By Coco Wang
WOODLAND – A man allegedly evaded a police officer in Woodland on a dirt bike for 1.8 miles at over 60 miles per hour.
Stephon Padilla is charged with felony reckless evading a peace officer, misdemeanor possession of a controlled substance (methamphetamine), and misdemeanor possession of drug paraphernalia. Allegedly, the defendant did not yield to the police officer during the entire pursuit and was, at one point, riding counter to traffic on the sidewalk.
The prosecution introduced a witness from the Woodland Police Department. A police officer, Juan Barrera, testified that he saw a speeding off-road dirt bike without lights or a license plate at around 7:03 pm on January 16.
Officer Barrera claimed that he soon turned on the siren and lights on his patrol vehicle and attempted to pull over the dirt bike, to no avail. Officer Barrera was dressed in his police uniform at the time in a vehicle marked with “POLICE” and “K-9” markings.
The defendant allegedly sped through a gas station, a community parking lot, a construction zone, and at least four stop signs without yielding to the police officer, and only slowed down when making turns. The speed limit in Woodland is generally 45 mph, with a 25 mph limit around residential areas; yet the defendant allegedly drove at over 60 mph on the city streets, including in residential areas.
Officer Barrera noted that the defendant was driving counter to traffic for about a block until another vehicle almost hit the defendant. Eventually, Officer Barrera claimed that he grabbed the defendant by his jacket after the defendant fell off his bike. When asked about the reason for this evasion, the defendant allegedly told Officer Barrera that he was on his way to meet with friends.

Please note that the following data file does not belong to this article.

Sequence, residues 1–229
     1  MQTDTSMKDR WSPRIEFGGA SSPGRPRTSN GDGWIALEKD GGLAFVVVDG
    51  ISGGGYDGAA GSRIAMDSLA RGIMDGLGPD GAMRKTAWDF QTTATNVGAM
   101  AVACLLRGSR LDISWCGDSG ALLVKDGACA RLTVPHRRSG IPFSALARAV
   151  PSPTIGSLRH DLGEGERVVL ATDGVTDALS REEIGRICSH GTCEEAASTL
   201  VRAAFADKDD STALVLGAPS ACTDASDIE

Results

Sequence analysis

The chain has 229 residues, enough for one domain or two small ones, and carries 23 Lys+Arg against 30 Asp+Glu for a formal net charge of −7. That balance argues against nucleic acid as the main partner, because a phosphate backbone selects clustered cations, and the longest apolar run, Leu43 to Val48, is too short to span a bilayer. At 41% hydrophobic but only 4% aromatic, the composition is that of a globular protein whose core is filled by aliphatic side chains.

Officer Barrera testified that, as another officer searched the defendant, a bag of drugs and a pipe were found in the defendant’s belongings. After testing the contents of the defendant’s belongings, Officer Barrera stated that the result was positive for methamphetamines. He was also able to identify that the pipe had been used, by its burned marks. Officer Barrera testified that the net weight of methamphetamines was 0.24 grams, which was a usable amount.
During cross-examination, Officer Barrera testified that the defendant did not damage any property, nor did he cause any bodily injury during the pursuit – although there were several instances when the defendant almost lost control of the bike and could have potentially hurt himself or others. Officer Barrera identified the defendant’s dirt bike as an off-road bike since it did not have any lights or a license plate.
The defense, represented by Deputy Public Defender Jose Gonzalez-Vasquez, requested that the court reduce the felony reckless evading a peace officer to a misdemeanor, since the defendant’s criminal record has been clear of felony crimes for 15 years, except for stalking in 2016, and the defendant did not cause any damages or injuries with his dirt bike.
The prosecution argued against it, claiming that the defendant was arrested with no conviction in 2015, had a protective order placed on him in 2016, and had several violations of probation since then. The prosecution stated that although no property damages or personal injuries occurred, the defendant subjected not only himself but all the people who were on the streets to danger with his reckless driving in the dark without lights.
The court acknowledged the gravity of the defendant’s action, the potential harm he could have inflicted, and therefore rejected the defense’s request, maintaining the charge on reckless evading a peace officer as a felony.
The defendant is to face trial. The arraignment date is on February 18 at 10 am.